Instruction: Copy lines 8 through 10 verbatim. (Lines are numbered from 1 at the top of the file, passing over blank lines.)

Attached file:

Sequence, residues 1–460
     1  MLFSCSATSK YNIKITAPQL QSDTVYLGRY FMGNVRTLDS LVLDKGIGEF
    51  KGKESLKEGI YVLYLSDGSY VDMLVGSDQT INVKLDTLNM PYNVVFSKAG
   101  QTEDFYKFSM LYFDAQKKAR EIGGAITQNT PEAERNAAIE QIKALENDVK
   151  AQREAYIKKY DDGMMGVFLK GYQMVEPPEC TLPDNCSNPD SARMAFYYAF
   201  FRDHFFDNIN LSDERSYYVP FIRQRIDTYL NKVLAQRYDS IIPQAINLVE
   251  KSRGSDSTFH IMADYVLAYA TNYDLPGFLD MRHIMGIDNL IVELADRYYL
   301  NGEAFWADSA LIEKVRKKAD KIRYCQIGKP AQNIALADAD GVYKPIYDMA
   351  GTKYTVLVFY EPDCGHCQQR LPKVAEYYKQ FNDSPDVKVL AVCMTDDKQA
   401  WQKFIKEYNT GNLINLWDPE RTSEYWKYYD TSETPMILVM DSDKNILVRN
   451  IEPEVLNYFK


   301  NGEAFWADSA LIEKVRKKAD KIRYCQIGKP AQNIALADAD GVYKPIYDMA
   351  GTKYTVLVFY EPDCGHCQQR LPKVAEYYKQ FNDSPDVKVL AVCMTDDKQA
   401  WQKFIKEYNT GNLINLWDPE RTSEYWKYYD TSETPMILVM DSDKNILVRN